General Data Protection Regulation (GDPR) came into force across Europe on May 29 and have since severely restricted popular forms of digital marketing. However, it has also created new opportunities which may be life-saving for online publishers who have been struggling with declining ad revenue for the last decade or so.
Many see GDPR as a blow to the digital marketing industry but, in reality, it’s a great opportunity. There are two ways of delivering an online ad: behavioural targeting and content-based. Behavioural targeting involves identifying individuals by their web surfing patterns, working out what their interests are from those patterns and then delivering “targeted advertising” which match those interests.
Content-based advertising is the foundation on which TV, radio and print have survived and grown for the last 200 years – and is also why Google is so richIt’s not new: behavioural targeting was pioneered in the United States by the Sears Catalogue in the 1920s, which analysed customers by their purchase patterns. The web simply made it possible to analyse more people in more detail. However, it has never been popular with consumers, who complain that it feels “creepy” when a company seems to know so much about you.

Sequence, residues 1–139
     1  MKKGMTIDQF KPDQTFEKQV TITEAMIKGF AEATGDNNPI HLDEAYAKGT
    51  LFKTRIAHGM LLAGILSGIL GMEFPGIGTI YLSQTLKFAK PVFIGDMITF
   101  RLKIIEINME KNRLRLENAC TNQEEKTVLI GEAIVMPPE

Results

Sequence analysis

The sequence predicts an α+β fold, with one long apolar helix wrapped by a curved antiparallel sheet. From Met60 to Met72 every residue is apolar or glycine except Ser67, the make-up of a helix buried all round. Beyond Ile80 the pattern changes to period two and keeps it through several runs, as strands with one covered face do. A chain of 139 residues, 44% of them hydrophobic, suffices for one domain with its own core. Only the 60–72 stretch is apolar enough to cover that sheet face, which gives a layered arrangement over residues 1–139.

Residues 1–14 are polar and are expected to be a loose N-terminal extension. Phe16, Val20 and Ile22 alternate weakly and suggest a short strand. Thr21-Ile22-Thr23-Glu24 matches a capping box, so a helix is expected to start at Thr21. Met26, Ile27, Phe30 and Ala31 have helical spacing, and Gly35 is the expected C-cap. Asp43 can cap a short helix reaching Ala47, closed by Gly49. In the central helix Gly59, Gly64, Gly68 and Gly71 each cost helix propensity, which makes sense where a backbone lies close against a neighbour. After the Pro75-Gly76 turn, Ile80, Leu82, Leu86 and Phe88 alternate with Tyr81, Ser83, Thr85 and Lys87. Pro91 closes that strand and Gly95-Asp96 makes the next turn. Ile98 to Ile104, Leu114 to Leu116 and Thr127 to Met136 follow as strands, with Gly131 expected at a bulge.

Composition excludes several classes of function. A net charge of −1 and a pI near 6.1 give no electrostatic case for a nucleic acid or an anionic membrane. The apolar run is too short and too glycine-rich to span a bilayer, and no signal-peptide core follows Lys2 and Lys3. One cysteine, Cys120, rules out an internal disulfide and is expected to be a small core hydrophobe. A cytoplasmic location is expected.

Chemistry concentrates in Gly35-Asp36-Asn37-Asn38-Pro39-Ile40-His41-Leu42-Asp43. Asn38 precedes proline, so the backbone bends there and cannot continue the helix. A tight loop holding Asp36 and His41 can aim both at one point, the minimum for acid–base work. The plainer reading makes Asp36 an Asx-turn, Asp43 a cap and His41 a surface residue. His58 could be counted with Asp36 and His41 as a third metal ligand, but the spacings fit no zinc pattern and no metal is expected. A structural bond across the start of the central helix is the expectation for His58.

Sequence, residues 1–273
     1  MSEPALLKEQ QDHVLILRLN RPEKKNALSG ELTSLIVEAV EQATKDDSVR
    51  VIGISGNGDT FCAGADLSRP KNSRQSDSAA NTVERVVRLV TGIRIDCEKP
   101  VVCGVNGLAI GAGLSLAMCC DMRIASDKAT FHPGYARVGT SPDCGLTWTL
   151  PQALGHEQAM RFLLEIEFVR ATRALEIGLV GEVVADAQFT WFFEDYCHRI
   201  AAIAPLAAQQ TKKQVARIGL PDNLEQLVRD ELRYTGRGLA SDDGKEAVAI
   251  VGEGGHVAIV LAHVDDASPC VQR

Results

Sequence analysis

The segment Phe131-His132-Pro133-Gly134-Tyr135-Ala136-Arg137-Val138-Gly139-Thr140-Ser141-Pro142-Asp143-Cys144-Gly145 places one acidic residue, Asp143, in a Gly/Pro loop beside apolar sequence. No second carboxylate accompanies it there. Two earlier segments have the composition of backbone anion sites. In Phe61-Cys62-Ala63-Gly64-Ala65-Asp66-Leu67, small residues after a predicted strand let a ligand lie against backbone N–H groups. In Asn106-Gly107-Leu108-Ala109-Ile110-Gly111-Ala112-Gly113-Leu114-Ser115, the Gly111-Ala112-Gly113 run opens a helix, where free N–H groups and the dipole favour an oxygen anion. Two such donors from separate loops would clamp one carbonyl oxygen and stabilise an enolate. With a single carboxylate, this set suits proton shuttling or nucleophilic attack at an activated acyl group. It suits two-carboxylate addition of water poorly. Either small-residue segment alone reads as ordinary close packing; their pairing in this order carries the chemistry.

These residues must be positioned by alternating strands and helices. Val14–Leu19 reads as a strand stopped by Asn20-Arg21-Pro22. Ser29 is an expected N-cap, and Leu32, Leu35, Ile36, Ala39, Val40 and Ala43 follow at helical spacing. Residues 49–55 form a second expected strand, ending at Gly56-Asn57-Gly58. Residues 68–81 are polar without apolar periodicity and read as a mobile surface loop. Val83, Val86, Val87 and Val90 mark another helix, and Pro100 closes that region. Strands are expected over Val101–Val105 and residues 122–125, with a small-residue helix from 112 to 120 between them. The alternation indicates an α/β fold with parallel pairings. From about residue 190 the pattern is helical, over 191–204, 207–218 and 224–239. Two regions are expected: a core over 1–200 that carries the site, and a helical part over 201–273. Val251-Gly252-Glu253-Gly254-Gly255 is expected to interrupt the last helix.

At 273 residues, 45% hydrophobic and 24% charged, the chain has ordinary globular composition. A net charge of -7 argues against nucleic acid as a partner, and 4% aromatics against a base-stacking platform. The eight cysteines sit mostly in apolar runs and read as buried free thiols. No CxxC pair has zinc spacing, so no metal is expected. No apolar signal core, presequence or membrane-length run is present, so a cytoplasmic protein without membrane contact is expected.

It became an online privacy issue because companies emerged who specialised in tracking people around the web through hidden techniques, building secret profiles of them, and selling that information to all and sundry.